Healthy Lifestyle Tip – Value Your Self

In life, we are not taught to value ourselves.

Our whole education system is about marks, learning, repeating information and not taking too long to get your postgraduate qualifications in case you ‘hold someone else up’ coming through the system.

We are not valued for what we bring, and in particular we are not at all valued for who we are.

We learn from very young that who we are has no value, but it is learning information, or perhaps sporting achievements or being ‘the best’ at something that has some sort of value, so we start to constrain our natural personalities, conforming to some mould that does not reflect who we are.

That moulding comes from not valuing who we are, so that pain of having no value lives always deep within us, covered up by the mould. Its gets even greater as we get older as we get no feedback of value for who we are and what we bring underneath it all, as in particular we never share that deeper sensitive part of ourselves with the world!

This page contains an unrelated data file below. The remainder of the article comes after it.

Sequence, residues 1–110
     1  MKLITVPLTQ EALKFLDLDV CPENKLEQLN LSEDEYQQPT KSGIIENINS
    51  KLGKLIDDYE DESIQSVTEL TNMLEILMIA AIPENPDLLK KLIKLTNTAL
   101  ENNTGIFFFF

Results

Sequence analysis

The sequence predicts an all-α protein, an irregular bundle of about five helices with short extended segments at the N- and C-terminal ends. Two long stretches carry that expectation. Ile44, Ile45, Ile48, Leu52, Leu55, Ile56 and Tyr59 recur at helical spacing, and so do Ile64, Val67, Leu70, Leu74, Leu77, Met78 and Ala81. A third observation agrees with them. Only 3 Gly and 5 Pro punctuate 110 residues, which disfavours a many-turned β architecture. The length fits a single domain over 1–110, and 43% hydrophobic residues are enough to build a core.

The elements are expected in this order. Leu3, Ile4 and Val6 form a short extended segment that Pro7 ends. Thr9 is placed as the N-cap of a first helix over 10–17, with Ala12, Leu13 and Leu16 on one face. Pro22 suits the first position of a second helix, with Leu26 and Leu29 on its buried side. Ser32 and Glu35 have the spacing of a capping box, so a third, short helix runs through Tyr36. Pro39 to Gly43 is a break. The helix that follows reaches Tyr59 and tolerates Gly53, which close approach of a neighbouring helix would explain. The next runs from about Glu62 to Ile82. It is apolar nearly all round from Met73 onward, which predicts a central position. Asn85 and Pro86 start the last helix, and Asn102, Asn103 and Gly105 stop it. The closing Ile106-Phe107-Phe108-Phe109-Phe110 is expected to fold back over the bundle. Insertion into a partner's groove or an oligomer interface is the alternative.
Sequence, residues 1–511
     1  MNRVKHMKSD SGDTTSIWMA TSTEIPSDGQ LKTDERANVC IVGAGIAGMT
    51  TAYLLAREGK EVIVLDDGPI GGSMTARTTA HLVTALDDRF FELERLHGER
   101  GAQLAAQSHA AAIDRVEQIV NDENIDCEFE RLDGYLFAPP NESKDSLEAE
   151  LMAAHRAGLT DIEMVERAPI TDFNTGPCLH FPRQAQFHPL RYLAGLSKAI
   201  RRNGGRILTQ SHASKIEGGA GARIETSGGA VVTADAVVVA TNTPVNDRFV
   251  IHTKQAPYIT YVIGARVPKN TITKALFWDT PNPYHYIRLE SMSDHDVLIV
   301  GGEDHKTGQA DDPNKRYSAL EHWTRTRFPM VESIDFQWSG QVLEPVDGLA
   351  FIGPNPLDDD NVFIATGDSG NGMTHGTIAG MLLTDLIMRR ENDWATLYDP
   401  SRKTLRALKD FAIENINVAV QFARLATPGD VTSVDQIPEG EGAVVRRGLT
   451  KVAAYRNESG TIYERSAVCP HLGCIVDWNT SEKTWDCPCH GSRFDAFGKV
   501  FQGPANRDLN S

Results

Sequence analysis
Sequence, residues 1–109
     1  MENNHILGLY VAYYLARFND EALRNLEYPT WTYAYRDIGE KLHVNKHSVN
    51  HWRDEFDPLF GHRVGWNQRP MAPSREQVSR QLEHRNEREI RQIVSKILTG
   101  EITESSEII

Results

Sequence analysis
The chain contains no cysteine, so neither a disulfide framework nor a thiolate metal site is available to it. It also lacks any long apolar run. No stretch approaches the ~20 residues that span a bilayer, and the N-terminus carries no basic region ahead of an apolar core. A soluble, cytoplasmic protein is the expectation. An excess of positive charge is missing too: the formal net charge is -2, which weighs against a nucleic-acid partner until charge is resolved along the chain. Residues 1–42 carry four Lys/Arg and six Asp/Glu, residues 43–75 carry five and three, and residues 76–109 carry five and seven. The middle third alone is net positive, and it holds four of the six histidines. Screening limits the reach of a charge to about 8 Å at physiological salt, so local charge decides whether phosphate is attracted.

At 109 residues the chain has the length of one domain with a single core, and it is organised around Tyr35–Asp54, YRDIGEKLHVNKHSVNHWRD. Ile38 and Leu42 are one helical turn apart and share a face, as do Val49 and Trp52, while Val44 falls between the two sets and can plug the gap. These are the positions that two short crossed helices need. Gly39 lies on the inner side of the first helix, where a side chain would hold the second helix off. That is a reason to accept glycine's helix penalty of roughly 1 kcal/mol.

If we do not value ourselves and do not truly value what we bring, then we are well on the way to burnout, giving up on life, withdrawing and not coping, feeling that what we do brings no value to people.

If what we do and bring makes no difference then after all, why bother, right?

When we don’t value ourselves, we start to make choices that are harming and not truly healthy. Continue reading

Healthy Lifestyle Tip – Self-Appreciation

When in our lives, and particularly in medicine, do we get taught to appreciate ourselves, or learn that it is an important thing to do?

Let me answer that for you: Never!!

In medical school we learn that we need to get the marks and learn things; we learn that there are consequences if we get things ‘wrong’. We learn to tip toe around certain individuals, please people, say the right things, bury the natural feelings and needs of our own bodies to do ward rounds standing for hours on end, stand in theatre for hours on end, with no toilet breaks or opportunities for hydration, to take phone calls at times that don’t suit us, to not get breaks to feed ourselves, to be at the mercy of the opinions of the senior doctors that we work with, we take criticism and at times harassment from other health care staff and administration, but, never at any stage do we learn to appreciate ourselves. Continue reading